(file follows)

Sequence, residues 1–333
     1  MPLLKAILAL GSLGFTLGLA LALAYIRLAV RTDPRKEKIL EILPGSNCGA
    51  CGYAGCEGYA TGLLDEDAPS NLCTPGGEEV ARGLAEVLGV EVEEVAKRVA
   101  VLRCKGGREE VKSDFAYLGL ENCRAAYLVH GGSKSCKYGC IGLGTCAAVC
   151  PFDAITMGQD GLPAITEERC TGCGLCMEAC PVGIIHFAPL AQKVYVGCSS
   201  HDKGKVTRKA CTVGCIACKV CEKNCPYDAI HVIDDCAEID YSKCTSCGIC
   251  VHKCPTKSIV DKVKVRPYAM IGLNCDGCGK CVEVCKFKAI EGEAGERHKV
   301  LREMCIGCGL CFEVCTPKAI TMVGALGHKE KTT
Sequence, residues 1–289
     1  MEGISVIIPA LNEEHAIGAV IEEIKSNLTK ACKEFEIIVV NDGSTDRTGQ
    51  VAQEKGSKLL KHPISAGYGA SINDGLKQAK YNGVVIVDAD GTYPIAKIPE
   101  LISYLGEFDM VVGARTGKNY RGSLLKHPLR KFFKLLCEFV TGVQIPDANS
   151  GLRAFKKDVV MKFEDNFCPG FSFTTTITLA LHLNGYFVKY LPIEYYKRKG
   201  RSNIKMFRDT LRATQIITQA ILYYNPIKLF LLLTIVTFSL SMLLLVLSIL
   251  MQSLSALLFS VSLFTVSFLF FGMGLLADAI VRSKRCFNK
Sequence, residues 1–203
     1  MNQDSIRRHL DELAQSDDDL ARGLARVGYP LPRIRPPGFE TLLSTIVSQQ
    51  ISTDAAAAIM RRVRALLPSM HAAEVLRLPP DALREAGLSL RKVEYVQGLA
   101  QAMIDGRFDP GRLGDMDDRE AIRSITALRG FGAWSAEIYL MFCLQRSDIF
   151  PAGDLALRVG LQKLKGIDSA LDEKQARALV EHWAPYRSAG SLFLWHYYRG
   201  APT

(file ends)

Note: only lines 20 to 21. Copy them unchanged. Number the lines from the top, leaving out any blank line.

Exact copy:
   151  PAGDLALRVG LQKLKGIDSA LDEKQARALV EHWAPYRSAG SLFLWHYYRG
   201  APT